From "China – The end of the ‘V’" by Judy Zhu, Li Wei and Stephen Green, Standard Chartered economists, August 11:
China has reduced speculative imports of some commodities, mainly copper and aluminum. In some other commodities, such as crude oil and iron ore, imports have increased alongside a recovery in demand and anticipation of further price hikes… China’s imports of copper and copper products dropped from a record high in June to 406.6 thousand [metric] tons (kt) in July. We estimate that of the July imports, around 325 kt was refined copper, down 14% m/m. This is the first time that imports have fallen m/m in seven months, although the numbers are still much higher than a year ago… China’s iron ore imports in July continued to reflect a mixture of real demand and speculation. They hit a new record high of 58.08 million tons, up 47% y/y and 5% m/m… While record-high crude steel production has encouraged these imports, trading houses continue to import because they anticipate even higher steel production and higher prices in the coming months. Meanwhile, these traders continue to have access to easy credit from local banks. But we also note that some traders have already started to take a more cautious view of imports because of higher ore prices and some weakness in domestic steel prices… An additional risk is that banks may tighten credit lines, but so far we have not heard of any instances of this.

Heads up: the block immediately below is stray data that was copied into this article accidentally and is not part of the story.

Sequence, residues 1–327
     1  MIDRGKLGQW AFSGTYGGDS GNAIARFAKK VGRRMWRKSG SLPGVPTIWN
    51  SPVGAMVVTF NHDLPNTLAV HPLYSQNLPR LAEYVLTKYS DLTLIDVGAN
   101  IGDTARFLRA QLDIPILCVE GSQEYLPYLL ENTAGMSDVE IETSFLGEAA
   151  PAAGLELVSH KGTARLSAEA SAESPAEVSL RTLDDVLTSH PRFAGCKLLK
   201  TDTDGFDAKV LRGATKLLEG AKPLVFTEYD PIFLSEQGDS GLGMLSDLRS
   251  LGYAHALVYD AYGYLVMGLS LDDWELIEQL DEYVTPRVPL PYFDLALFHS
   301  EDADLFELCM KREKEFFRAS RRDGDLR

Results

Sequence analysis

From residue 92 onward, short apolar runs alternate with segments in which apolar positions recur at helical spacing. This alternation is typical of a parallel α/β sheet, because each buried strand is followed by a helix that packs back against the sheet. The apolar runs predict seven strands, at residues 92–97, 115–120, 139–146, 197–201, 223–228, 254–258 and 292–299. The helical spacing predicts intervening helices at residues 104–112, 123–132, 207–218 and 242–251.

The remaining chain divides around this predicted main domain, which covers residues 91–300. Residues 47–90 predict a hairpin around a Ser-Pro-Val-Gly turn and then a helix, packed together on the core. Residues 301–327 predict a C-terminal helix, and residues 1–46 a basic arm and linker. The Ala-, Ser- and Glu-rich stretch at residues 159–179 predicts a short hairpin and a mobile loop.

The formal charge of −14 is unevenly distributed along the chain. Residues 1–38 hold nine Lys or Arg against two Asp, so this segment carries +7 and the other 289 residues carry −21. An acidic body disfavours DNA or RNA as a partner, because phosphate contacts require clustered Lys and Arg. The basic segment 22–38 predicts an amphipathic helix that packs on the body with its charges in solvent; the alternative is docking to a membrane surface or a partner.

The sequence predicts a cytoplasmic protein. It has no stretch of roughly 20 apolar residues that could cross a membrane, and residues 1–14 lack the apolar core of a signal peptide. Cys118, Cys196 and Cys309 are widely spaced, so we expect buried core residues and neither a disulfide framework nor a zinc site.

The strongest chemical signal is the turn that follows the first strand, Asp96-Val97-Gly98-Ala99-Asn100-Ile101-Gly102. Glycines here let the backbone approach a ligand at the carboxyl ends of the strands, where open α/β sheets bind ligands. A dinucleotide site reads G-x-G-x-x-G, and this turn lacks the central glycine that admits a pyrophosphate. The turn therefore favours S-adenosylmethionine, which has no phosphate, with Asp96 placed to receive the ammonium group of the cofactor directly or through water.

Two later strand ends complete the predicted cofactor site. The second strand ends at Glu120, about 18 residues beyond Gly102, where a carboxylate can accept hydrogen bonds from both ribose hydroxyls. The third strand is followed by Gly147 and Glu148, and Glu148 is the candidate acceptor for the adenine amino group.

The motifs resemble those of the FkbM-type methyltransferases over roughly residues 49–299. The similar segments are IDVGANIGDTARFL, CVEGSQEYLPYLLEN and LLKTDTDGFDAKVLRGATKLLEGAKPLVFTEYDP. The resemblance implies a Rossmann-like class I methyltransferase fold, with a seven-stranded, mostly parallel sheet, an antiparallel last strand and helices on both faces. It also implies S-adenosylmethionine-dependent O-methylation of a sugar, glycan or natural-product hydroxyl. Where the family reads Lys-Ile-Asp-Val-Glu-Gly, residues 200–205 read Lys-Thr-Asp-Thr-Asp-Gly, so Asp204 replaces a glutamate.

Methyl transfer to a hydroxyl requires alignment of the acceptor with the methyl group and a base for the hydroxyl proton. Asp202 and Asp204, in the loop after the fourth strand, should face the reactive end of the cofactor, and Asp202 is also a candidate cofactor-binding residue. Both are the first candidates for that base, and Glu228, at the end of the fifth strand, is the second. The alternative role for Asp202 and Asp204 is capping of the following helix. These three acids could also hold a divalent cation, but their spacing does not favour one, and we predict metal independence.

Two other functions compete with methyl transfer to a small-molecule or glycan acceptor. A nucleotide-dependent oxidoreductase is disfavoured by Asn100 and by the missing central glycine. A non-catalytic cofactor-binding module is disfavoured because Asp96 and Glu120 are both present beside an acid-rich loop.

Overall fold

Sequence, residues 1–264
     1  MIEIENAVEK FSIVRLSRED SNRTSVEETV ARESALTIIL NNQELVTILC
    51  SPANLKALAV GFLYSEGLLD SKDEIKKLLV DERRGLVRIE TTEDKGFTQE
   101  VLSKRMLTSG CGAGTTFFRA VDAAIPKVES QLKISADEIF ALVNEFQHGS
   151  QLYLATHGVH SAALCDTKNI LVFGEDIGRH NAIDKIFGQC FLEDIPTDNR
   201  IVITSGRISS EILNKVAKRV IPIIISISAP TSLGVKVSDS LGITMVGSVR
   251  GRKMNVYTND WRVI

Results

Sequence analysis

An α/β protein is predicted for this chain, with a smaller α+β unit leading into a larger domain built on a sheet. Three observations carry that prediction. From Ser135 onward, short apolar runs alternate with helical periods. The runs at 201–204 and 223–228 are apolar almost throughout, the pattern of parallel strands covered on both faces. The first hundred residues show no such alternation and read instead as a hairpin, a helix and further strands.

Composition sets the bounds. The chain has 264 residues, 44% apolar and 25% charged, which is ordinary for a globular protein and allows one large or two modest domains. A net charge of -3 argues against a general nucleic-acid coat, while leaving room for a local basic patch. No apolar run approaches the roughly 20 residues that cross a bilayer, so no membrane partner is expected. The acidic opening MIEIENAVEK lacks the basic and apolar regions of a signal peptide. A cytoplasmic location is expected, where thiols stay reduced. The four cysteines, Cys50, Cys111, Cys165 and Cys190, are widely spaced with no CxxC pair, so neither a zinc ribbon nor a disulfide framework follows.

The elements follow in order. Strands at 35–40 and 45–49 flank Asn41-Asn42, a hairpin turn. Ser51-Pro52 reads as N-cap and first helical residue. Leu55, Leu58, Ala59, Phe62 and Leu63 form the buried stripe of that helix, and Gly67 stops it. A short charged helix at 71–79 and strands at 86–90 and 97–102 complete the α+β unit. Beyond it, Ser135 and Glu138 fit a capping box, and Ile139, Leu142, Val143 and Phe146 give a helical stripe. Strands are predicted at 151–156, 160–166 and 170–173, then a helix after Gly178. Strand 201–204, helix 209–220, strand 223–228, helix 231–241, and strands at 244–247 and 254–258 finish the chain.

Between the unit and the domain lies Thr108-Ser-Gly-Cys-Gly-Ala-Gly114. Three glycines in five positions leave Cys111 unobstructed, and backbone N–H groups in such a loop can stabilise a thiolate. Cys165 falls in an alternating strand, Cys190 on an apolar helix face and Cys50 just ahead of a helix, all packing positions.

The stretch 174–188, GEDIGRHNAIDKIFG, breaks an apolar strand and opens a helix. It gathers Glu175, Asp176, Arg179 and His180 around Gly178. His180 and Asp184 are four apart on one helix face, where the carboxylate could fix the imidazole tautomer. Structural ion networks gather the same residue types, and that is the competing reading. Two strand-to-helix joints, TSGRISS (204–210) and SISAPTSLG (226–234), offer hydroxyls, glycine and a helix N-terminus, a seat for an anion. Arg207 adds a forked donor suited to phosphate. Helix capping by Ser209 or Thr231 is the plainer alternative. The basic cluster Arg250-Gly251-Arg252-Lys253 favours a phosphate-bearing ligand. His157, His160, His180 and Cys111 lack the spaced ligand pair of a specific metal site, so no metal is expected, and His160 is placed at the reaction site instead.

From "China Macro Weekly" by Lu Ting, TJ Bond and Zhi Xiaojia, Merrill Lynch economists, August 17:
Factories in Dongguan… are cranking up production and hiring more workers in signs of improved sentiment after a brutal year for the export sector. In some of the Pearl River Delta’s job centers, there are even signs of a shortage of factory workers as firms resume hiring… Dongguan’s job center said job vacancies have suddenly increased since May, [rising] by 30-40% from April. Data from the Shenzhen government’s labor department showed more than 60,000 vacancies were yet to be filled in June, rising from 23,000 in April. The labor demand-supply ratio also rose to 1.14 in June from 0.74 in January. Most of the new job vacancies are from labor-intensive sectors producing staples for exports, e.g. textile, shoes, toys and furniture. In the first seven months of 2009, exports of textile and shoes declined by 9.1% and 5.2% y/y respectively, much less than the 22% decline in China’s total exports. With export orders coming in, factories are eager to find laborers again. Though some of the rising orders might be seasonal, we believe the major factor is the rebound of some major economies in 2Q09 or 3Q09. Thanks also to aggressive government policies, a majority of the 20 million migrant workers who lost jobs in 4Q08 might already get new jobs, as the government said last week that only about 4.5 million migrant workers are still looking for a job.